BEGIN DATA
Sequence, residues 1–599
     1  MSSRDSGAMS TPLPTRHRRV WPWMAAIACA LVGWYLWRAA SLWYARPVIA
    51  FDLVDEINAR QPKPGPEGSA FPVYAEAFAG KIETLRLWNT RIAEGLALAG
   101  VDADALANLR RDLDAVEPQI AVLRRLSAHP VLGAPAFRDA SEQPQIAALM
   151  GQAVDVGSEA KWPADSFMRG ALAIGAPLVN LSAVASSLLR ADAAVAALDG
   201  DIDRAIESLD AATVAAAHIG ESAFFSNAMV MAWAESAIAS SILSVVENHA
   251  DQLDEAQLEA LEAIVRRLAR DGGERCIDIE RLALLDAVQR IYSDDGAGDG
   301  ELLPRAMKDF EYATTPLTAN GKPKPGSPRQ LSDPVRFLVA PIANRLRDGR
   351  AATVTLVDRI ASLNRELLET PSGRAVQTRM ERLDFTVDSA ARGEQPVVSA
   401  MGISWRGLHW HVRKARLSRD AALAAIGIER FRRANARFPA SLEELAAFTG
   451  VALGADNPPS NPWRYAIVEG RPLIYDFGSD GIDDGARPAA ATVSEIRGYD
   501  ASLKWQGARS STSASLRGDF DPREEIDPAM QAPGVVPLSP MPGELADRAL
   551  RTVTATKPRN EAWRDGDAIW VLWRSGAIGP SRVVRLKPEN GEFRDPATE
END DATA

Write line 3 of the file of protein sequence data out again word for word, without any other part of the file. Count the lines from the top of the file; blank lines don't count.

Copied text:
    51  FDLVDEINAR QPKPGPEGSA FPVYAEAFAG KIETLRLWNT RIAEGLALAG